Skip to 0 minutes and 8 secondsToday, I'm joined by Rhiannon Edge, who's a graduate student at Lancaster Medical School studying epidemiology and social networks in relation to flu vaccination. Perhaps we could start, Rhiannon, by explaining what epidemiology is. Well, epidemiology is the study of how diseases might spread through a population. And my research looks particularly at the spread of disease through social structures, for example, like contact structure. Right. So how is vaccination done in the National Health Service System in the UK? Well, the NHS follows the WHO guidelines, the World Health Organization guidelines, and also recommendations from the Chief Medical Officer for England, which recommends to vaccinate anyone in a high risk group and health care workers themselves. Right.

Skip to 1 minute and 0 secondsAnd when does this vaccination roll out begin? Well, each year just before the flu season. So about October, November time, we start recommending people to get vaccinated. So the idea is to get all the people who are judged to need a vaccine, vaccinated before the flu arrives, which will probably be around Christmas time or slightly before. Yeah. Exactly. So once you've had your flu vaccination, how effective do we actually expect the flu vaccine to be in the vaccinated population? Does it give it complete protection or partial protection? No. It doesn't, unfortunately. So each year the flu virus changes drastically.

Skip to 1 minute and 40 secondsAnd before they design the flu vaccine, the World Heath Organization tries to essentially guess at which strains of flu will be circulating the following year. So the vaccine is almost never 100% effective. So this vaccine choice is based on what we've seen circulating in previous years. And some experimental or theoretical modelling about where antigenic drift is perhaps going-- Yeah. Exactly. --and actually, we're trying to guess ahead of the virus what virus will be like. We use past seasons to decide that, and then what's happening on the other side of the continent. So for example, Australia will be in their flu season while we're in our summer season. And they tend to be quite good.

Skip to 2 minutes and 27 secondsIt tends to be around 70% effective. Occasionally the flu virus will do something unpredictable. Yes. And it did this last winter, 2014/ 2015. Yeah. Unfortunately I think we were lower, considerably lower, something like 3% effective. Right. 3% from 70% is really quite a drop, isn't it? Yeah. Yeah. We don't get it right all the time. And I think in the last decade, half of the times we've had mismatched vaccines. Now, that doesn't mean that it's completely pointless again, the flu vaccine, even with a mismatched-- even with a mismatched strain.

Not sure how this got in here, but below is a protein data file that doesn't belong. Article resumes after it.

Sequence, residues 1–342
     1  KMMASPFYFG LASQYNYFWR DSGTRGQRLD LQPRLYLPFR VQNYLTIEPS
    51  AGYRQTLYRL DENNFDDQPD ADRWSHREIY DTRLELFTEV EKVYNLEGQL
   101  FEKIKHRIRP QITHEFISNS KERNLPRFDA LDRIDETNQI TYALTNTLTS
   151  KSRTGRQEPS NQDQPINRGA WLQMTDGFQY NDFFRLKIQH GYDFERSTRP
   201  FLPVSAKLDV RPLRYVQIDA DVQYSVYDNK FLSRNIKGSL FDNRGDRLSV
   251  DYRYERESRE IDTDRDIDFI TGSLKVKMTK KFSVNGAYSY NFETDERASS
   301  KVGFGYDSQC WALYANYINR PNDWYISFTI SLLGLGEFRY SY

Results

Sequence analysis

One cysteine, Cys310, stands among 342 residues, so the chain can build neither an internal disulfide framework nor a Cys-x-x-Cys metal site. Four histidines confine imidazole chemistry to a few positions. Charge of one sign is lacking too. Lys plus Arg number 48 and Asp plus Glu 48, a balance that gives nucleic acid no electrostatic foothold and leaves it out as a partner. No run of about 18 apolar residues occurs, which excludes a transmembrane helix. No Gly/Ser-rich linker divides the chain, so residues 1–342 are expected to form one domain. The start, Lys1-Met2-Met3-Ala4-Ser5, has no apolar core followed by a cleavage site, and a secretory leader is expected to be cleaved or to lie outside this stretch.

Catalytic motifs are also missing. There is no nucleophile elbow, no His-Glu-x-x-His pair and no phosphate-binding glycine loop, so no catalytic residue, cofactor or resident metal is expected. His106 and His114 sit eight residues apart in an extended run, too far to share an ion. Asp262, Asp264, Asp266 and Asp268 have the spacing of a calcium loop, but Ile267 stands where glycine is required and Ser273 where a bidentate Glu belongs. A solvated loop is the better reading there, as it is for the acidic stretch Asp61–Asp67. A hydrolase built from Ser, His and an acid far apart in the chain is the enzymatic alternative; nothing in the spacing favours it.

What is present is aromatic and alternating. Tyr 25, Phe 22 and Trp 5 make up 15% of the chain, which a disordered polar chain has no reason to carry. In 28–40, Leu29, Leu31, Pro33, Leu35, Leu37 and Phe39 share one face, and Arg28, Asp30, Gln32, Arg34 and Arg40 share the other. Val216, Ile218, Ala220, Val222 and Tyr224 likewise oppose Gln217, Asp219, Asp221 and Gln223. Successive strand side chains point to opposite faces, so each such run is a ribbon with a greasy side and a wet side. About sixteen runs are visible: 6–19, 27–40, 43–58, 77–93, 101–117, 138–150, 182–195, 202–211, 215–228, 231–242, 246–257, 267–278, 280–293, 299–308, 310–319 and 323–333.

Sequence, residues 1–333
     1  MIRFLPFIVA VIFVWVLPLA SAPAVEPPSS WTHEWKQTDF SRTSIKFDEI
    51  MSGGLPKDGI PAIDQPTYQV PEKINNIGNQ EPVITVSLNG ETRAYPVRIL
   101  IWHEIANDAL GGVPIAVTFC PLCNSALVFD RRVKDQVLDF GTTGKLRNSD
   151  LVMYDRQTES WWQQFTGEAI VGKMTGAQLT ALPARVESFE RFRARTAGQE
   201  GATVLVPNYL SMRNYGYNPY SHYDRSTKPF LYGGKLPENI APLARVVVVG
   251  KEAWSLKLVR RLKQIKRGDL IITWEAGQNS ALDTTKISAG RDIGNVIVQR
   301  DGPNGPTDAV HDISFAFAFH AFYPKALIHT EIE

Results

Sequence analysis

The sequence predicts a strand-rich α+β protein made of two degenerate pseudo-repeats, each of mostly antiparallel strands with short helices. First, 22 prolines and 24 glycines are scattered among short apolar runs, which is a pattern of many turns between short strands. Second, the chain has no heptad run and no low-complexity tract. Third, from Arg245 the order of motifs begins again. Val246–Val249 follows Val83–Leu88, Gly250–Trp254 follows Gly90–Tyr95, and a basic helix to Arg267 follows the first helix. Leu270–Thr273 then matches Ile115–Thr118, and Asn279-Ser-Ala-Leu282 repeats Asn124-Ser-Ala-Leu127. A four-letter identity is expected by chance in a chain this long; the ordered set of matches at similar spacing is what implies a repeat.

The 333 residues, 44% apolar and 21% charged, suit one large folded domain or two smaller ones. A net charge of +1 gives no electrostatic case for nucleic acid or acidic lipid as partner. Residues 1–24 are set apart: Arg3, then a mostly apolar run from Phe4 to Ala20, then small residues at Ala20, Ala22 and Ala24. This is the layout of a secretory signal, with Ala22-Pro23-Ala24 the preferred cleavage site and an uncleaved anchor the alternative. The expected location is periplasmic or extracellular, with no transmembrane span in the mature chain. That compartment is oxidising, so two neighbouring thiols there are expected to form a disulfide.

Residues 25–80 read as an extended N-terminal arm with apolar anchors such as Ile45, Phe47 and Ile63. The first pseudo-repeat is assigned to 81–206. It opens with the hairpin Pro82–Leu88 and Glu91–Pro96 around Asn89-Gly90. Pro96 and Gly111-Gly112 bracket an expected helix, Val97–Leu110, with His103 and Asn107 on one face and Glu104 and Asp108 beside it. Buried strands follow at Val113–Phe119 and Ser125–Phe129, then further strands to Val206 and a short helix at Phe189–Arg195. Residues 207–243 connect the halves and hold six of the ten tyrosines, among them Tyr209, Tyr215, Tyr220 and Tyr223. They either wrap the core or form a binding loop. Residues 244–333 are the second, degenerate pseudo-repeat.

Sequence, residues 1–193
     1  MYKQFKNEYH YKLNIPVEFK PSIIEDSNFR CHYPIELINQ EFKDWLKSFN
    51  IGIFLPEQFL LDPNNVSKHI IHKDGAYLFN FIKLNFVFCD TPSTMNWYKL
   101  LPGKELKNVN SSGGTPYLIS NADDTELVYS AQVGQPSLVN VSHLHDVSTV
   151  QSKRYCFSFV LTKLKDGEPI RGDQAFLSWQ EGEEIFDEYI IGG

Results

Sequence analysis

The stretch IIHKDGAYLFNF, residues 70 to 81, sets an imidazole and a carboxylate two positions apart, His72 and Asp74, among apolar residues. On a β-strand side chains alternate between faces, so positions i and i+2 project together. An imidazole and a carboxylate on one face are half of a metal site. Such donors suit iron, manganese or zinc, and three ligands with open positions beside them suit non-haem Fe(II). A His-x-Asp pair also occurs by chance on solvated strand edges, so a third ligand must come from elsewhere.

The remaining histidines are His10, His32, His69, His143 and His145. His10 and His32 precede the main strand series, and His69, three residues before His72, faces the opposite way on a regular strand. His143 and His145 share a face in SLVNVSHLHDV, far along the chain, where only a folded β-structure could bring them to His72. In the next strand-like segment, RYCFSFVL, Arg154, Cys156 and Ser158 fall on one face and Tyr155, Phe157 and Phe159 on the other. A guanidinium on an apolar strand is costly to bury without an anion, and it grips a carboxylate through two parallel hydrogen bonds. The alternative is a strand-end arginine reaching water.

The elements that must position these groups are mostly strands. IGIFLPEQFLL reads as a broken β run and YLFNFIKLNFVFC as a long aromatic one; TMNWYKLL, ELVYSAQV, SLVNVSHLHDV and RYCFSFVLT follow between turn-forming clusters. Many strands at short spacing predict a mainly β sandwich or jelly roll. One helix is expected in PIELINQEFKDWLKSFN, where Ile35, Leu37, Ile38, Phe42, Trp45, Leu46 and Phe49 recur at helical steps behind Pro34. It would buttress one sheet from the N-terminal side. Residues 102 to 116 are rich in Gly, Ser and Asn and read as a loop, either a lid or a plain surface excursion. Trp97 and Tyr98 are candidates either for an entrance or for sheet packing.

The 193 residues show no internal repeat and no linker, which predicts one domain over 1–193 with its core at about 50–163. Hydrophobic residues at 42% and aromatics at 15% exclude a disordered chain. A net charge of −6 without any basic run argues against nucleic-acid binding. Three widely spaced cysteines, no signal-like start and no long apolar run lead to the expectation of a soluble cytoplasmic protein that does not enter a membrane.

Skip to 3 minutes and 12 secondsThere are still some benefits that you tend to have, less severe symptoms, for example. So when we're designing a trivalent vaccine, what sub types or strains would go in a trivalent vaccine? So you would have a H1N1 a H3N2, and a seasonal influenza B. Right. And for the quadrivalent vaccine, what's the fourth component that would go in? We add in an additional influenza B strain. Right. In the "at risk" population, we've already defined people for instance - elderly people, very young children, and those who have an underlying medical condition, especially respiratory one, like asthma, or something like that, who are in need of some immune support against a flu attack.

Skip to 3 minutes and 57 secondsBut what about health care workers, because they are recommended to be vaccinated as well? Yeah. Yeah. That's true. The Chief Medical Officer for England recommends that health care workers receive the seasonal influenza vaccine. And it's partly to protect themselves from getting ill - they come into contact with a huge number of viruses and pathogens that we wouldn't normally come into contact with. So they're much more likely to get it than members of the general population just by being in contact with patients. That's the logic, and also to protect their patients. So doctors don't necessarily want to be passing on influenza to very sick patients.

Skip to 4 minutes and 36 secondsThe other issue is preventing NHS staff from having days off sick, for example because influenza takes pressure off the NHS Yes. Yeah. Yes. And how successful have the NHS been in encouraging their front line employees at least to take up the vaccine? Well, uptake is about 55% of health care workers receive the influenza vaccine, which is better than most of Europe. So we're doing quite well. There's still quite a big debate as to whether heath care workers should have to have the flu vaccine. A lot of them aren't in the high risk category themselves. It's not obligatory here, whereas I believe in some in US states, it is obligatory. Yeah. Exactly. Mandatory over there.

Skip to 5 minutes and 22 secondsSo your own research, Rhiannon, is particularly related to this issue of uptake of vaccine among NHS workers, National Health Service workers. What does that involve? Yeah. That's right. So my research is about social networks and epidemiology, essentially. So first-- Perhaps we should just define what a "social network" here is in this context, because I'm sure a lot of people think that social network is your Facebook friends. But that's not what you mean. That's not exactly what I mean. So social network could be anybody that you come into contact with during the day. So we're having a connection here because we're talking, for example.